Court Calls A Do Over In Terror Hearings After Failure To Record

from the are-they-allowed-to-change-arguments? dept

We covered how court staffers, totally spooked by FBI agents sweeping the court room for recording devices, failed to record the public portion of oral arguments in an important terrorism case (against Adel Daoud), meaning that there was no official recording or transcript of the hearing (part of which was also held in secret). But now, the court has called for a rare “do over” on the public portion of the hearing.

A federal appeals court in Chicago has rescheduled oral arguments in a terrorism case after courtroom staff failed to record a significant hearing.

The U.S. 7th Circuit Court of Appeals issued a notice on Friday saying it would rehear arguments June 11 in the case against Adel Daoud, who’s accused of trying to set off a bomb near a Chicago bar in 2012.

So, um, what? The original was a dress rehearsal? Do they get to make different arguments, or are they expected to basically repeat the script they did a week earlier? Will it play out like an awkward re-enactment? And, most importantly, will Judge Posner, once again yell “Look! You answer my questions, not your questions!” at the lawyers?

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Comments on “Court Calls A Do Over In Terror Hearings After Failure To Record”

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Michael (profile) says:

I am still baffled as to why the FBI was allowed to sweep the courtroom for bugs.

If someone was using a bug to listen into public proceedings, is that really so bad? And if the FBI is conducting business in the courtroom that they think needs to be kept secret, shouldn’t they ask the court to verify that the courtroom is secure? Am I allowed to bring my own bug detector into the courtroom?

Michael (profile) says:

I blame the video games

This is all because of the video games. People have become so accustomed to being able to simply click the ‘reset’ button on their video games that they have started to assume that it is ok in regular life.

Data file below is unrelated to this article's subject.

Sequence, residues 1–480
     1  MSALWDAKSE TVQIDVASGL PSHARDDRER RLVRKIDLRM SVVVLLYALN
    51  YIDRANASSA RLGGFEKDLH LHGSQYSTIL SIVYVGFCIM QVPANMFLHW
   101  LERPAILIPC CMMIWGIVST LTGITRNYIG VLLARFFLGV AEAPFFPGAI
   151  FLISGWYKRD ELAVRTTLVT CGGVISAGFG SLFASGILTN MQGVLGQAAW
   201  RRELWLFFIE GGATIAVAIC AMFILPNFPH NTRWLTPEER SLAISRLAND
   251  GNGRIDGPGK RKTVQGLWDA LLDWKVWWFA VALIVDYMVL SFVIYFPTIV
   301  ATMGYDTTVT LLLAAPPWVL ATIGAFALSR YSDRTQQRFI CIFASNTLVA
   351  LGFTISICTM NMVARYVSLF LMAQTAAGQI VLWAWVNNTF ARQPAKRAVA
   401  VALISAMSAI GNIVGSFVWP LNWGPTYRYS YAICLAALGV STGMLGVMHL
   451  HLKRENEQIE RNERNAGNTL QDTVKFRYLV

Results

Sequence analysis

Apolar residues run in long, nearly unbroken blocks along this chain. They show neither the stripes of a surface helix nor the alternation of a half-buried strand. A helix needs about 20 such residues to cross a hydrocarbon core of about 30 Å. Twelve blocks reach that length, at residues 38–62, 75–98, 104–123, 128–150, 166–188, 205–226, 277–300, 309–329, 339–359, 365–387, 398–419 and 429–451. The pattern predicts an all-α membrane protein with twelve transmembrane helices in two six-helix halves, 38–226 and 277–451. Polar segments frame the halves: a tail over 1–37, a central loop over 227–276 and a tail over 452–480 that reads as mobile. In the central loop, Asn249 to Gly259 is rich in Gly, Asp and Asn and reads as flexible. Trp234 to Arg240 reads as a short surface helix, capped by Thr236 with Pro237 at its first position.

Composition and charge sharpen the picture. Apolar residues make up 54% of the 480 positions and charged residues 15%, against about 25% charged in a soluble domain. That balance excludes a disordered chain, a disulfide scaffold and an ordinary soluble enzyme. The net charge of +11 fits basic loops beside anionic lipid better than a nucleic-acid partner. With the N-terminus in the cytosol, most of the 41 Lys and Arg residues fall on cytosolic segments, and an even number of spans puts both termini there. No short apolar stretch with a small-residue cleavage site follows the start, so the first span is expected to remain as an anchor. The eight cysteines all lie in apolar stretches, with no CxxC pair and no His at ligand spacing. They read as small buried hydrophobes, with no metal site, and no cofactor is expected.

Forgot to record the court case? Ok, let’s just reset.

These video games are ruining our society. We need to stop them – for the children!

sorrykb (profile) says:

Re: Re: I blame the video games

Anonymous Coward wrote:

without a recording or transcript of proceedings the court cannot prove that it followed the correct procedures during the trial.

Wouldn’t failing to maintain a record of the proceedings count as not following the correct procedure? How is this entire case not tainted by this? (Of course, the entire case is already tainted by secret proceedings but…) Is there precedent for such a “do-over” in a trial?

zip says:

unfair advantage to the prosecution

It would appear that this do-over could easily give an unfair advantage to the prosecution — who now get to re-craft their arguments based on knowing how the defense will respond.

It’s MUCH easier for the prosecution to revamp it’s arguments (and still appear credible) than for the defense — which is basically stuck with whatever alibi was used the first time around.

Anonymous Coward says:

I was sort of confused about how a mistrial could be handled if it was a judicial mistake, so I looked it up.
I’m certainly not a lawyer, but it sounds like this will be fought against: link

If the mistrial results from judicial or prosecutorial misconduct, a retrial will be barred. In United States v. Jorn, 400 U.S. 470, 91 S. Ct. 547, 27 L. Ed. 2d 543 (1971), the Supreme Court held that reprosecuting the defendant would constitute double jeopardy because the judge had abused his discretion in declaring a mistrial. On his own motion, the judge had declared a mistrial to enable government witnesses to consult with their own attorneys.

Anonymous Coward says:

So the FBI, Judge, and Prosecutor held a secret court room proceeding with no records. Then discovered that doing so is illegal, and the defense could call a mistrial and the defendant could walk free. So now the FBI, Judge, and Prosecutor want to have a do-over trial and pretend it never happened?

WTF! I stand by my original assessment about these secret trials in secret courts, bound by secret laws and executive memo orders. In other words, tyrannical justice.

Coyne Tibbets (profile) says:

Prosecutor's Nightmare before Christmas

‘Twas the night before trial;
And outside the court,
Prosecutors were panicked,
That the case would abort.

They’d held a long hearing;
To grind ‘neath their heel,
The defendant’s full Rights;
But they gave him appeal.

The hearing was held,
Without an epistle,
A procedural error that,
Risked a dismissal.

“What shall we do?”
A desperate cry;
A solution occurs,
“The hearing we’ll retry.”

“It just didn’t happen,
“Redone it will be;
“Because we respect,
“The Rights of the free.”

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